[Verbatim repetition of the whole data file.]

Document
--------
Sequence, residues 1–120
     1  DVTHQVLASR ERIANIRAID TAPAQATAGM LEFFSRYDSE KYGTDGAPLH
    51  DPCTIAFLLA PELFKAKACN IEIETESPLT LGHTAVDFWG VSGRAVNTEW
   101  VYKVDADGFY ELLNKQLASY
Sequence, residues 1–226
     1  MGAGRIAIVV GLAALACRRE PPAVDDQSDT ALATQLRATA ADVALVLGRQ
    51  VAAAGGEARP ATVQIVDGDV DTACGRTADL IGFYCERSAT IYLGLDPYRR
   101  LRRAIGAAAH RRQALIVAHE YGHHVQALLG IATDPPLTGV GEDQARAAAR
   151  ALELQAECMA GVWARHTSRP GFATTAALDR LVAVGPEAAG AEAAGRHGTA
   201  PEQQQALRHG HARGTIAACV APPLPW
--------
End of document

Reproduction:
Sequence, residues 1–120
     1  DVTHQVLASR ERIANIRAID TAPAQATAGM LEFFSRYDSE KYGTDGAPLH
    51  DPCTIAFLLA PELFKAKACN IEIETESPLT LGHTAVDFWG VSGRAVNTEW
   101  VYKVDADGFY ELLNKQLASY
Sequence, residues 1–226
     1  MGAGRIAIVV GLAALACRRE PPAVDDQSDT ALATQLRATA ADVALVLGRQ
    51  VAAAGGEARP ATVQIVDGDV DTACGRTADL IGFYCERSAT IYLGLDPYRR
   101  LRRAIGAAAH RRQALIVAHE YGHHVQALLG IATDPPLTGV GEDQARAAAR
   151  ALELQAECMA GVWARHTSRP GFATTAALDR LVAVGPEAAG AEAAGRHGTA
   201  PEQQQALRHG HARGTIAACV APPLPW